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Eddie Cheever Ferrari test drive


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#1 RStock

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Posted 21 January 2013 - 01:09

Someone has been telling me that Eddie Cheever was "Ferrari's test driver" for 1977. They also say he was called back in '78 for more tests because Gilles was "struggling" at Ferrari.

They use this obscure story as proof.


Courting sponsors is second nature to Cheever, 40. Born in Arizona, he moved to Italy at 4, when his father opened a chain of fitness centers across Europe. Little Eddie soon earned his racing stripes, winning the European and Italian go-cart championships at 15. His formal schooling ended two years later when he signed a $50,000 contract to test-drive racers for Ferrari.

http://www.businessw...41/e3599024.htm


As far as I know Cheever had one audition test in '77, along with Gilles and De Angelis but I don't know of anything further than that.

They also say Ferrari was looking to replace Gilles with Patrese after '78 and again in '79.

Does anyone know more on this?




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#2 Bruno

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Posted 21 January 2013 - 06:32

Someone has been telling me that Eddie Cheever was "Ferrari's test driver" for 1977. They also say he was called back in '78 for more tests because Gilles was "struggling" at Ferrari.

They use this obscure story as proof.




As far as I know Cheever had one audition test in '77, along with Gilles and De Angelis but I don't know of anything further than that.

They also say Ferrari was looking to replace Gilles with Patrese after '78 and again in '79.

Does anyone know more on this?




at Fiorano, Settember 1977
http://brunodaytona6..._cheever_1.html

http://brunodaytona6..._cheever_3.html


#3 Derwent Motorsport

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Posted 21 January 2013 - 12:49

The quote implies he signed the Ferrari contract when he was 17!

#4 Tim Murray

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Posted 21 January 2013 - 13:38

There were negotiations going on between Cheever and Ferrari, but it's not clear whether any contract was ever signed. It seems fairly certain that Enzo wanted Cheever to drive for him in the non-championship F1 race at Imola in September 1977, which was eventually cancelled. Some say that the negotiations broke down because Enzo was miffed that Cheever brought a lawyer with him to Maranello. Others say that a contract was offered by Ferrari but turned down by Cheever. A third group says that a contract was signed, but Cheever later withdrew from it. See these earlier threads:

Eddie Cheever (merged)

Ferrari 1977-78

When Enzo almost sacked Gilles to keep Lole

Non championship F1 races at Imola - 1963 , 1977 and 1979

It would be nice if we could now get to the bottom of this.

#5 john winfield

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Posted 21 January 2013 - 16:01

That would be good indeed as I believe there has been a lot of PR stuff going on around Cheever - mostly made up by himself, or whom for him - when he was in the minor formulae. He did some good things, but a closer scrutiny would show that both in F3 and F2 he was not at Patrese's and Giacomelli's levels, respectively. Or even De Angelis and Gabbiani the year later.


I always enjoyed seeing Patrese race the beautiful F2 Trivellato Chevron but, and I've done no scientific analysis, I recall Cheever outdriving Riccardo on several occasions in 1977. Rouen for example. Patrese may have proved the better long-term Grand Prix bet, but did he really outshine Cheever in Formula 2?


#6 D-Type

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Posted 21 January 2013 - 16:05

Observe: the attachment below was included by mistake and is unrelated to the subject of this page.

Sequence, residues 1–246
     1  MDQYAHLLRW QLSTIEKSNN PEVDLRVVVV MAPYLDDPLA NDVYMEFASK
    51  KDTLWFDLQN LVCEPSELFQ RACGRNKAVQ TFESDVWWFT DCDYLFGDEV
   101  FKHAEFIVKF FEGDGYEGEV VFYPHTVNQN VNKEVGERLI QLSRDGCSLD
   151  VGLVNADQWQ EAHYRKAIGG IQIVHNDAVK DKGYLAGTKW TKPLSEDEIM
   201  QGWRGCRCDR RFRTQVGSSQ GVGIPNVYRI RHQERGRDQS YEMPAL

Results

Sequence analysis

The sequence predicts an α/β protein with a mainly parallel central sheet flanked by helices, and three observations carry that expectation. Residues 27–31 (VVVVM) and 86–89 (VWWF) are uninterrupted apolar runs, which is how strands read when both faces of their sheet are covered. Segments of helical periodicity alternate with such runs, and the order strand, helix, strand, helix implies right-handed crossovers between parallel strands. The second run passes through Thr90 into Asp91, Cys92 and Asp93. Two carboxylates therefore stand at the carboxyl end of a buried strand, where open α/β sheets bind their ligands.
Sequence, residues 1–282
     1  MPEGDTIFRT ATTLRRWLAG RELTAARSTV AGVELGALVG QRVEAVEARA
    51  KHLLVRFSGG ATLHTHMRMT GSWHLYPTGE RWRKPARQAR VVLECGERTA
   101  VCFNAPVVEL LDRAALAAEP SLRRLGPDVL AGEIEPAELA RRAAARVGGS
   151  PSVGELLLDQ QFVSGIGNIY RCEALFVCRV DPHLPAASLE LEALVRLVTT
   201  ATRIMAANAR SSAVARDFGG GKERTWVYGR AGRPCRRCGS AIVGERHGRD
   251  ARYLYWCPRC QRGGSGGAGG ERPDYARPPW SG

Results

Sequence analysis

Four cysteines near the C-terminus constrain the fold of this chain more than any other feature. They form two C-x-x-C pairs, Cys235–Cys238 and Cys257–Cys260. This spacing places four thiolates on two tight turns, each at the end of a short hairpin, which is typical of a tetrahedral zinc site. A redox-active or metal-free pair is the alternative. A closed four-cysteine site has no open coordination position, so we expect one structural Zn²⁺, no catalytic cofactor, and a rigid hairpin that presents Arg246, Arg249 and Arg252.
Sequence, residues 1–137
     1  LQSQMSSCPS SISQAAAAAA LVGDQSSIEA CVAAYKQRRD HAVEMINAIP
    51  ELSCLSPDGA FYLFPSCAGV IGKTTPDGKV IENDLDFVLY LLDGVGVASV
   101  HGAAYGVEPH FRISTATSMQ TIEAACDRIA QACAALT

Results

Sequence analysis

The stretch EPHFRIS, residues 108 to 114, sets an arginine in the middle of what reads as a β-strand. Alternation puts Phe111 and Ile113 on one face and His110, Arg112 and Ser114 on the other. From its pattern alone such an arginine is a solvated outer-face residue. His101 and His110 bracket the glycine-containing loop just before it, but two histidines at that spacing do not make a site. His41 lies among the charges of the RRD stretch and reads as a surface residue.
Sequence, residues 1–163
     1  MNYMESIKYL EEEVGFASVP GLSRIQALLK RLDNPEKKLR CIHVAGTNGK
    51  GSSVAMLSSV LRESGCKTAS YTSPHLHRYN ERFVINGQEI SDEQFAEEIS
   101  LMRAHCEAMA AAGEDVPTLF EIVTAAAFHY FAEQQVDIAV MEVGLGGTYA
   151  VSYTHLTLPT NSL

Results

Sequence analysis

I gather that in respect of reportingh motor racing, and in particular events surrounding Ferrari, the Italian popular press tends to follow the dictum "Don't let the truth get in the way of a good story". I am therefore always very sceptical of any of these minor stories originating there. I suspect that the Business Week story may have its origins there - at least the 'talking up' of a straightforward young driver test into a $50 000 testing contract.

#7 D-Type

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Posted 21 January 2013 - 16:52

I agree with you - to an extent. The coverage in the British 'red tops' of stories concerning messrs Hamilton, Button, Mansell, Hunt, etc, or for that matter football anfootballers, has been, shall we say, 'creative' at times but by all accounts, this has not been nearly as 'creative' as the Italian press.

Who would have an interest in generating such stories? Not only Cheever , but anyone with an interest in selling papers - proprietors, advertisers and even journalists.

#8 D-Type

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Posted 21 January 2013 - 19:36

On what basis you say that is beyond me, as I have been living here in the UK for more than fifteen years and I can't a see a difference between the two press establishments, motorsport in primis. But if thinking that makes you feel better...

I have to admit that I am basing this on what others have written about the Italian popular press and not on personal knowledge.

And seriously - and here I finish as I have got to go - who cared about Cheever in 1977/78 in Italy or even Italian motorsport circles??

Maybe they weren't interested in Cheever, but surely the readership were interested in any news concerning Ferrari.

#9 jj2728

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Posted 21 January 2013 - 22:19

They also say Ferrari was looking to replace Gilles with Patrese after '78 and again in '79.
Does anyone know more on this?


I was living in Italy back then and I don't recall any talk of Patrese replacing Villeneuve and certainly not after either season in mention.

#10 RStock

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Posted 21 January 2013 - 22:58

Villeneuve, for what I remember, never had an one-off test with a Ferrari before he was summoned to Maranello and signed to replace Lauda.


Yes, I should not have included Gilles in the audition test drive. I have never heard that either. From what I know, he was signed straight from McLaren.